Over the years, Henry Jaglom has created films that have inspired me, films that have brought me joy, films that have enlightened me, and films that have challenged me. His work allows you to see the world through someone else’s eyes, to understand them, and, perhaps, to find a part of yourself within them. True, many films are able to accomplish this to a degree, but they lack the raw intensity that Jaglom is able to capture and bring to the screen. You’ll find much of that intensity and so much more in Train to Zakopané.
Train to Zakopané is Jaglom’s latest, based on his play of the same name. It is inspired by a story that Jaglom’s father shared with him years ago. A story that is all the more fascinating because it is true. Jaglom’s father lived it. In fact, it is he, Simon Moiseivich Jaglom, who appears via home video footage at the opening of the film, right before we are transported into the past.
The story opens in the year of 1928 on a train in Warsaw, as a handsome young man named Semyon (a character clearly based on Simon Jaglom) accepts an invite to share a compartment with a priest, a former actress, and an army nurse named Katia. They strike up a bit of friendly conversation. The priest has a fatherly disposition, the actress is bubbly and full of life, while Katia sits and crochets, joining in the conversation, but noticeably reserved. Something about Semyon irks her, and she has no problem letting him know that she initially objected to sharing the compartment with him.
You see, unbeknownst to his fellow travelers, Semyon is Jewish, and as Poland was the center of much anti-semitism at the time, many Jews were forced to take on Christian names and hide their true identities in order to live peacefully.
As Semyon soon finds out, both the priest, Father Alexandrov, and Katia hold incredibly destructive anti-semitic beliefs, reducing the entire Jewish population to every wrongheaded and disgusting stereotype imaginable. Katia is the worst, casually hurling insult after insult, and sometimes in the middle of otherwise pleasant conversations with a smile plastered on her face.
Semyon is appalled, but despite his best efforts, he gradually becomes smitten with Katia. It isn’t until she spews the line, “I can smell a Jew a kilometer away”, that Semyon decides that he can pursue her and teach her a lesson at the same time. Wouldn’t it just boil her blood to realize that she had fallen for the very target of her hatred? This is the sweet revenge that Semyon plans to carry out, but ultimately, it doesn’t quite go as he imagines it.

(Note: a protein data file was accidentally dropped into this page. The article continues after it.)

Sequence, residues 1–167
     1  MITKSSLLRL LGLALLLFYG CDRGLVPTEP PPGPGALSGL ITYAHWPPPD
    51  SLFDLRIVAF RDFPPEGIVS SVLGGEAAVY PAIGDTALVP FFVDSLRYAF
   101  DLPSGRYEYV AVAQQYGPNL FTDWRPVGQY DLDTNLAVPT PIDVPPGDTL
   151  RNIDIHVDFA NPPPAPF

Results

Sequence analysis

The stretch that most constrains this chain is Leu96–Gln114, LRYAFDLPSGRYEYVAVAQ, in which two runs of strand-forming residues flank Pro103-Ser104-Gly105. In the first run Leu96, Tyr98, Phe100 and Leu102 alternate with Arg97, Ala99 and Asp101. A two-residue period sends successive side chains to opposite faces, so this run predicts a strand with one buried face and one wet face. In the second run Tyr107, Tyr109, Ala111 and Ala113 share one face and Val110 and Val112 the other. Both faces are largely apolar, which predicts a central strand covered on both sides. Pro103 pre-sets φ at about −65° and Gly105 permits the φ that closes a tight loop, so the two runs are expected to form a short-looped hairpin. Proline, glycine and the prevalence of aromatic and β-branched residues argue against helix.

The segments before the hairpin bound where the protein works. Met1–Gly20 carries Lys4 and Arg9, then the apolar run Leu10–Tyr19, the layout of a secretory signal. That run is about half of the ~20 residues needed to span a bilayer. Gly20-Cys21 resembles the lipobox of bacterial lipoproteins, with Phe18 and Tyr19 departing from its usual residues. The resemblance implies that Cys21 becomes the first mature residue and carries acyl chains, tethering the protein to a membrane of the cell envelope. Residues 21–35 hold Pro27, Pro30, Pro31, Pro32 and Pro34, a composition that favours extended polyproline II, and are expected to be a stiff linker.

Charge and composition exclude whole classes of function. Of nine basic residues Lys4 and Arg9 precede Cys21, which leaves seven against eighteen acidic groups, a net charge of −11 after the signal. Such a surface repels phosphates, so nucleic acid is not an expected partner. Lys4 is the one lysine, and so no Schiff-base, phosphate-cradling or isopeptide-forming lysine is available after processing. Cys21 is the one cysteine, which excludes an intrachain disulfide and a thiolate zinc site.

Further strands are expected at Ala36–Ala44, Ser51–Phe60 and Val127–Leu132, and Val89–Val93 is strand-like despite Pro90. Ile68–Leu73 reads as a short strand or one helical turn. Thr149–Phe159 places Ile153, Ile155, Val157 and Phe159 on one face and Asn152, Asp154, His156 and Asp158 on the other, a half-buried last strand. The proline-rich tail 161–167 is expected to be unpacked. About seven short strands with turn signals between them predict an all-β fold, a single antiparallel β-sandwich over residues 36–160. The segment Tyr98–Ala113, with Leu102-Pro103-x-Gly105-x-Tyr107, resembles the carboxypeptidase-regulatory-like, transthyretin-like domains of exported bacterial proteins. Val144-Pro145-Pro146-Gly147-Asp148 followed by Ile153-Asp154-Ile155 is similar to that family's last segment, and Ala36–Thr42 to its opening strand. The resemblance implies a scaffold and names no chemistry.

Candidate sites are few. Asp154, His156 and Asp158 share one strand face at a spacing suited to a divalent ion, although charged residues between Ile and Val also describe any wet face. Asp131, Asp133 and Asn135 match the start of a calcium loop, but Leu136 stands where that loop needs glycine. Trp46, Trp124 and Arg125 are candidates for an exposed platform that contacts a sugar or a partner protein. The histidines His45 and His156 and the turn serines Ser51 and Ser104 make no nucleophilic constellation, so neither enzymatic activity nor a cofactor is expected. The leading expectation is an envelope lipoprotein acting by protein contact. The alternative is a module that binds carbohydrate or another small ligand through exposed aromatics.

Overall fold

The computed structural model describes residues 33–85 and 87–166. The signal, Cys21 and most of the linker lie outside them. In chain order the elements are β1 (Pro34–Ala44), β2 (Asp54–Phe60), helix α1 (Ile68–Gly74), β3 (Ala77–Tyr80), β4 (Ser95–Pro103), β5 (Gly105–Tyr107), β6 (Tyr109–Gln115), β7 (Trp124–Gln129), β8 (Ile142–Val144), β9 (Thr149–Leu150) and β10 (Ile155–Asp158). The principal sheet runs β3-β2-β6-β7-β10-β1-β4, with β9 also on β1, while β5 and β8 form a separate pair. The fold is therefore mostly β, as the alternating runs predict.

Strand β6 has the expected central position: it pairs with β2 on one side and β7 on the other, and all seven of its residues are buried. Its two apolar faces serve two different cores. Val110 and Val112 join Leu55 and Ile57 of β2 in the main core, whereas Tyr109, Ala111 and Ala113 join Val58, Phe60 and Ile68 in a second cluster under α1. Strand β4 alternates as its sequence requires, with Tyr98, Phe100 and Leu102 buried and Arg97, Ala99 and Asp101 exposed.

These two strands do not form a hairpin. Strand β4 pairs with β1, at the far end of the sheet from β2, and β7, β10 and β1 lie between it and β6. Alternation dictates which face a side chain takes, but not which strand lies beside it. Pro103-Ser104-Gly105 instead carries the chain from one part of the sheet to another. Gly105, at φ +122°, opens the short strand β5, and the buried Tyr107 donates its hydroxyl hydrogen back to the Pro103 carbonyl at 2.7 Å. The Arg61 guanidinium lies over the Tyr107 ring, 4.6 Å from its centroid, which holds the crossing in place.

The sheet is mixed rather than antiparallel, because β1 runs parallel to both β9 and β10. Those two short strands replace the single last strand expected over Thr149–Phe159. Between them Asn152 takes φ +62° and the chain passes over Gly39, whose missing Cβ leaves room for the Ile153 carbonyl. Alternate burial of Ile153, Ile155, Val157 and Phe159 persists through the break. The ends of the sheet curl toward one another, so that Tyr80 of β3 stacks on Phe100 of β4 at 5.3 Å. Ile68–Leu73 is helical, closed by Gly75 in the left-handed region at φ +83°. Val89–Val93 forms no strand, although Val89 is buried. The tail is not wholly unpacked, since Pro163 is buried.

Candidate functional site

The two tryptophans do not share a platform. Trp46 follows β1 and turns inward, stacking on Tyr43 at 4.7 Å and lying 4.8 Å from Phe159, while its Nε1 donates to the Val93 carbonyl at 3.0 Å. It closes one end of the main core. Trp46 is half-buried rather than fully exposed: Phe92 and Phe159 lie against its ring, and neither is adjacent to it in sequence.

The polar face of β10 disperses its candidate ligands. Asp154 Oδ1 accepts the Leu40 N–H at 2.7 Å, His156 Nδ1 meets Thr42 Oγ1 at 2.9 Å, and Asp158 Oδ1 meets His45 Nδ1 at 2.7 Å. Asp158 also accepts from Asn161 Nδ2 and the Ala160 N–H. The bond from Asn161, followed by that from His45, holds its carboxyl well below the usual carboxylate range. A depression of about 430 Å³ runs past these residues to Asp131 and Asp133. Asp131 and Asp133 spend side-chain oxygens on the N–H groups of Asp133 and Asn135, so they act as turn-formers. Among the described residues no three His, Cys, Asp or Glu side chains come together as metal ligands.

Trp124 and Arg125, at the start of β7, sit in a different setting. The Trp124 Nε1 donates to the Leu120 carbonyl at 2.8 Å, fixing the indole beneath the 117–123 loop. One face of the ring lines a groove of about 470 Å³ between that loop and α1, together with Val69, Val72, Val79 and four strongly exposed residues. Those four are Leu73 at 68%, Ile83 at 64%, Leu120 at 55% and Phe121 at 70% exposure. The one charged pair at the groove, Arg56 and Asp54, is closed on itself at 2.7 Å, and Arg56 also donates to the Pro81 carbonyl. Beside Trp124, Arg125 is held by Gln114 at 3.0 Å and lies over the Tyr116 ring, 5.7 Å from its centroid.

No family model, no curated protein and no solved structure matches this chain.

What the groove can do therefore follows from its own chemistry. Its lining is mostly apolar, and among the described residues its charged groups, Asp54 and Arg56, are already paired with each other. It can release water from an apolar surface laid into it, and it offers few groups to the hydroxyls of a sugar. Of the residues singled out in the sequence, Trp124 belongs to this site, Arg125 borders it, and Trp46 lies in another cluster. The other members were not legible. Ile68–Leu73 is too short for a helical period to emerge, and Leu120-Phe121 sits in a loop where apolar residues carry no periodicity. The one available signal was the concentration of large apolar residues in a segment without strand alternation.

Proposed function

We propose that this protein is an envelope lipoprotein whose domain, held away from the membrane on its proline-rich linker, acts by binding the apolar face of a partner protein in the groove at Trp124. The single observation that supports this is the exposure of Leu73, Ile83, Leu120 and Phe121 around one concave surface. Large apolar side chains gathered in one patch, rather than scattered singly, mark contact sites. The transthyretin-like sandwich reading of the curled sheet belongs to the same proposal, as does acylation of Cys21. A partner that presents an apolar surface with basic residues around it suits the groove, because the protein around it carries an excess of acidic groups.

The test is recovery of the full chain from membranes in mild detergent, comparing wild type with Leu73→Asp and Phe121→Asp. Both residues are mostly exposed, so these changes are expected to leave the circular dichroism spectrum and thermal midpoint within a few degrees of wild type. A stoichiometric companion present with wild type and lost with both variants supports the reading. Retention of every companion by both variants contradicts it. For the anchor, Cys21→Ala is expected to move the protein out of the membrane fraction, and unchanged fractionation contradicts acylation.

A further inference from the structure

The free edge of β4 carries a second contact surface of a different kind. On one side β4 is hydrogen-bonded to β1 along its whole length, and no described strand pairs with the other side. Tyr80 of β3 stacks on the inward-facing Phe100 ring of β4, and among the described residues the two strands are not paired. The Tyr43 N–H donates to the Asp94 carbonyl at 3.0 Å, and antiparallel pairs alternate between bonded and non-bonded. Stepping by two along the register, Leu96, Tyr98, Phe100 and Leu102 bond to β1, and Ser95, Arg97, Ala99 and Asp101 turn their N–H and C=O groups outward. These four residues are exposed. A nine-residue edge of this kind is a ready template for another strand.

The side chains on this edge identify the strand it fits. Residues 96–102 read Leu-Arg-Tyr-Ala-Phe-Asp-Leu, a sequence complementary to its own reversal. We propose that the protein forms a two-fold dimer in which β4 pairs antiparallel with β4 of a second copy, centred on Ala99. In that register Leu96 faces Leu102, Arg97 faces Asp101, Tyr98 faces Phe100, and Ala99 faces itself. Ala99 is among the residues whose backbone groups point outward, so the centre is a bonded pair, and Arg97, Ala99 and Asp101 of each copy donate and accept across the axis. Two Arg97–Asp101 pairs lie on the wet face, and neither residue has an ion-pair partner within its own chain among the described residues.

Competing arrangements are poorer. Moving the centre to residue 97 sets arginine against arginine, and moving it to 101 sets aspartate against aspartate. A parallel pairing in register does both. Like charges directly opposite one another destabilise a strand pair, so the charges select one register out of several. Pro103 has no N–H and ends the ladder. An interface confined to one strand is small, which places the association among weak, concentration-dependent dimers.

When the train stops in the quaint little village of Zakopané, Semyon begins to woo the naive Katia, drawing her in with his good looks and otherworldly charm. Little does she know of Semyon’s secret. A romance blossoms nonetheless, and as we watch it unfold, it is both beautiful and tragic, leading to a climax that is among the most powerful moments that I have witnessed in the cinema all year long.
Train to Zakopané is one of Jaglom’s finest artistic achievements. It’s a damn near perfect film, one that left me emotionally shaken. It feels like Jaglom’s career has been steadily building towards something like Zakopané, and what a beautiful thing it is. Only Jaglom could have made this film. No one else could have been able to capture this kind of authenticity. By the end of the film, I was speechless. I cried. I wasn’t prepared for the final moments of Zakopané – so visceral and bittersweet. How can you fall in love with someone that you should hate? The film takes you to uncomfortable places in order to reveal difficult truths.
The performances are uniformly incredible. Once again, Tanna Frederick is a wonder to behold. Katia is a character that is in many ways repulsive, but the more we discover about her, the more we are able to see the humanity that lies within. It is a career-defining performance for Frederick, and one that should be studied and talked about for years to come. She never ceases to amaze me, and I wish that someone would give her an Oscar, an Indie Spirit Award, or a Golden Globe already.
Mike Falkow is unforgettable as Semyon, extraordinarily portraying the conflicting emotions that this multi-faceted character must come to terms with. Falkow brings Semyon to vivid life on the screen. Cathy Arden shines in the supporting role of Madame Nadia Selmeczy, the former actress with the attitude of pure joie de vivre, who holds a secret of her own. Arden is always a welcome presence on the screen, and this proves to be one of her strongest performances. Stephen Howard as Father Alexandrov is absolute gold. Kelly DeSarla is lovely as Katia’s fellow nurse and friend, Marusia Pachenko, and last but not least, Jeff Elam as Dr. Gruenbaum. Elam is simply marvelous here as the wise doctor and closeted Jew who holds one of many memorable conversations with Semyon throughout the course of the film. In such a short amount of screen time, Elam makes quite an impression.
Beautifully shot by Christopher Pearson, Train to Zakopané is truly one of Jaglom’s masterworks. This is a film that demands to be seen by all. It’s one of the best and most important films of 2017. I’ll never forget it.
© Written by Steven Adam Renkovish, ReelRenkovish